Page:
Comfort is what we all look for when selecting bedding. But, most of us don’t know how to select the perfect bed linens to meet our preferences. Knowing the bedding weaves can help determine the comfort and the look of the sheets, comforters or duvets.
Aside from thread count, which often mistakenly determines our selection in bedding, there are other factors that contribute to comfort and to the price of bed linens. One of the factors to consider is the weave of the fabric. While most consumers prefer 100% cotten bedding, the weave is crucial to comfort for many.
Today we most often have the options of weaves such as:
- Sateen (often referred to as satin)
Preferences vary among consumers. However, once a consumer decides his or her preference, it is often the starting point and one of the top criteria when selecting bedding.
As described by Cotton Incorporated:
Percale: a closely woven. Plain weave, spun fabric made from both carded and combed cotton. Percale sheeting is the finest available. The high tread count gives the fabric a silk-like feel.
Flannel: a soft, medium weight plain or twill weave fabric, usually made of cotton with a napped finish on one or both sides. The raised surface provides a fluffy appearance and supper soft, cozy feel. Great for warmth during the cold winter months.
Jersey: a plain stitch knitted cloth. The fabric is knitted in circular, flatbed or warp knitted methods. Very elastic with good draping qualities.
Sateen: a weave construction that has more yarn surface on the face of the cloth than other basic weaves giving a softer hand and more lustrous look.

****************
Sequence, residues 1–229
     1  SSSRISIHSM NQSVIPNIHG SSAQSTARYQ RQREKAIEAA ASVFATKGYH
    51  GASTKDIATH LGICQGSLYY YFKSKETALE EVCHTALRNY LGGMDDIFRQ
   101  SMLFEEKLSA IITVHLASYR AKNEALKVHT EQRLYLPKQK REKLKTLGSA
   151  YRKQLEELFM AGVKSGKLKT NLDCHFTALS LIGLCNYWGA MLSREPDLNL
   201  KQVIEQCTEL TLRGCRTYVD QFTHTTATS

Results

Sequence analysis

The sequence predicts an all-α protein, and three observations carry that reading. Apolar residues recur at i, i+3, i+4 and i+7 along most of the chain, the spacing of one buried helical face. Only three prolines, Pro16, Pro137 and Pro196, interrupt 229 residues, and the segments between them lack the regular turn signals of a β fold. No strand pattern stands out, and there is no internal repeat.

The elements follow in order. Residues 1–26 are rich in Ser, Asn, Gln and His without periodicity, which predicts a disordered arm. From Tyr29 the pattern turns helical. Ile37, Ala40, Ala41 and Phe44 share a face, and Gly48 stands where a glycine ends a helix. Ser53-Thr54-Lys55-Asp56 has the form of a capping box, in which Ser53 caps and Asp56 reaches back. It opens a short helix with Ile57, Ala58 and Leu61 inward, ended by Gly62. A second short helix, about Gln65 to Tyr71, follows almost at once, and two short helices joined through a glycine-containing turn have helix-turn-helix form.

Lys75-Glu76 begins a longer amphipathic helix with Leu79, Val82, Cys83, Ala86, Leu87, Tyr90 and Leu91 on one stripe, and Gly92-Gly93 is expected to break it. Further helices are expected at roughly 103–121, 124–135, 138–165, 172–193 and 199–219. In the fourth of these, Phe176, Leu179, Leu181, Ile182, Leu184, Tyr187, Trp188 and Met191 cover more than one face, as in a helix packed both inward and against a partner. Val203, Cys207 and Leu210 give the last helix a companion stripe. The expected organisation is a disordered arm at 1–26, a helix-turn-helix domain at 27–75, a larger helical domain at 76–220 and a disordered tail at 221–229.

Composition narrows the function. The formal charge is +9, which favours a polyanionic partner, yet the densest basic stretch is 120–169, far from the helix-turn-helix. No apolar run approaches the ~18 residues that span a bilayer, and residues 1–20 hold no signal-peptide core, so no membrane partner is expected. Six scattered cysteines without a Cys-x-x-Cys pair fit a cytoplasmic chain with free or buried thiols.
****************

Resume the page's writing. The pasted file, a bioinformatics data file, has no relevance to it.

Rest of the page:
Percale has been one of the top selling weaves for years. For a while, particularly while waterbeds reigned supreme, sateen sheets were favorites. For many flannel sheets have been a long time favorite, trumping the other weaves for comfort and softness.
The choice in bedding weaves if purely an individual preference. However, it is important that when shopping the consumer be aware of the different weaves and how they feel.
Speaking of comfort, bedding often feels rough or “hard” when new. This is due to an additive called sizing that is applied to many fabrics during the manufacture of the product. It allows the product to hold its shape while being packed and shipped. It also allows for a clean crisp display. It is not particularly gentle to the skin. For that reason, it is suggested that bedding be washed once, twice or maybe three times before use to get the natual feel and comfort.
Never judge the feel of a sheet right out of the package. Over time and after a few washings the true feel and texture will be displayed with any bedding.